By Howard Koplowitz
Several hundred Falung Gong followers and supporters shut down a stretch of a Flushing street Saturday as they protested what they contend is China’s unjust killing, torture and imprisonment of the group’s members in the last decade.
Speakers at the peaceful protest marked the 10th anniversary of a Falun Gong gathering in Beijing, where the group’s followers demonstrated to explain to the Chinese leadership how the movement bettered their lives but were attacked by government officials.
The entire protest was conducted in Chinese and organizers said remarks at the demonstration would not be translated into English.
A Flushing resident who watched the protest said he was not a Falun Gong follower, but believed in the group’s right to carry out its activities in China.
“They have a right to express their own opinion, [but] they’re being persecuted in China,” said the resident, who only wanted to be identified by his first name, Wei.
In China, Wei said, “they don’t take them to court, they take them to jail.”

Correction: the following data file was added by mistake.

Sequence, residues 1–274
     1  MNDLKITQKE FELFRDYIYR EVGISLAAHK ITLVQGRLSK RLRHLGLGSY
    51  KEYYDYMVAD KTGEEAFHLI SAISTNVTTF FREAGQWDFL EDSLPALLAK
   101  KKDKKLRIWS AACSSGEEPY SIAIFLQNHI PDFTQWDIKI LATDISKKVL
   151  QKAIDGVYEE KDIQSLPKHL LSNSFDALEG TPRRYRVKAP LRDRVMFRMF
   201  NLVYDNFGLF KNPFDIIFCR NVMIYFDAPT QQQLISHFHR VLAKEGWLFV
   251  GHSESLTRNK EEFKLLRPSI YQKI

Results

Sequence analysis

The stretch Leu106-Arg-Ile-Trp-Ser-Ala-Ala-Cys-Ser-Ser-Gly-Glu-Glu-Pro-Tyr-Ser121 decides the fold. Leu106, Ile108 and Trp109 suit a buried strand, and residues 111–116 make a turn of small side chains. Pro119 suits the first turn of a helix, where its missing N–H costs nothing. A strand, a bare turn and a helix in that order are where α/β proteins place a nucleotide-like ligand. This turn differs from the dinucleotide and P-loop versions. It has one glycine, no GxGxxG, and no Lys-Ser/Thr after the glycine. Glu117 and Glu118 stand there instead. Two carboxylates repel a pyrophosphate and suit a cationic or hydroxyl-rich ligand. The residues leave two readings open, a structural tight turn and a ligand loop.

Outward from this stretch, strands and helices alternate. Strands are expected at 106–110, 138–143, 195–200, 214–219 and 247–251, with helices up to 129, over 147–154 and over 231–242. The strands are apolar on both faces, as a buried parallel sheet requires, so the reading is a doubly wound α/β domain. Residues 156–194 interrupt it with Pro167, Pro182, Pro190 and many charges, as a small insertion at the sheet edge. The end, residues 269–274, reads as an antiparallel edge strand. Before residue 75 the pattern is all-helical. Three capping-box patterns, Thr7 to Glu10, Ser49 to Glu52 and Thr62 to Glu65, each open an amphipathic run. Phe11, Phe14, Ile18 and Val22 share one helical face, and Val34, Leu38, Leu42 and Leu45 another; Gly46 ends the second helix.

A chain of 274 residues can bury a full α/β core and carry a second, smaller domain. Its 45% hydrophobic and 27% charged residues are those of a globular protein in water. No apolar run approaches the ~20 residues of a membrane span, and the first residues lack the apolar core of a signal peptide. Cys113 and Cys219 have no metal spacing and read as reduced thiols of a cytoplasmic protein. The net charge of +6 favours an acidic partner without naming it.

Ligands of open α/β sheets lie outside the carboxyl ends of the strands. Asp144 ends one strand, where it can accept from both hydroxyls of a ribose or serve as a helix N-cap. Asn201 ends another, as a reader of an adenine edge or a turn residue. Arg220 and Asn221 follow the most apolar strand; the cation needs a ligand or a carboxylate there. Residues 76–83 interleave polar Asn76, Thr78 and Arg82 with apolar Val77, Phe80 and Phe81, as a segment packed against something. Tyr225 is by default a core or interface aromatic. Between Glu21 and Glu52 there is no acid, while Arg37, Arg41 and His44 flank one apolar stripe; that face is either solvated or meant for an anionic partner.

Wei, who came to the United States 10 years ago as a student and now works for a Flushing tea company, said he has two friends who are Falun Gong followers.
“They are very good people here,” he said of the movement’s members.
According to the protest’s organizers, 3,200 Falun Gong followers have been killed in China over the past decade. They said 87,000 have been tortured in police custody and roughly 1 million have been imprisoned in Chinese labor camps and prisons.
The organizers said China’s communist party “launched an unlawful campaign of arrests, violence and propaganda with the intent of eradicating Falun Gong” in July 1999.
They described Falun Gong as a “traditional Buddhistâˆ’style practice with roots in the Chinese heritage of cultivating the mindâ„body for health and spiritual growth.”
The protest did not draw a large number of spectators, who stood by police barricades for long periods of time. Most passersâˆ’by continued on their way.
A 109th Precinct community affairs officer said there were “absolutely no incidents” during the demonstration.
A stretch of 41st Avenue between Sanford Avenue and Kissena Boulevard was closed between 12:30 p.m. and 4 p.m. Saturday for the protest.
Reach reporter Howard Koplowitz by eâˆ’mail at email@example.com or by phone at 718âˆ’229âˆ’0300, Ext. 173.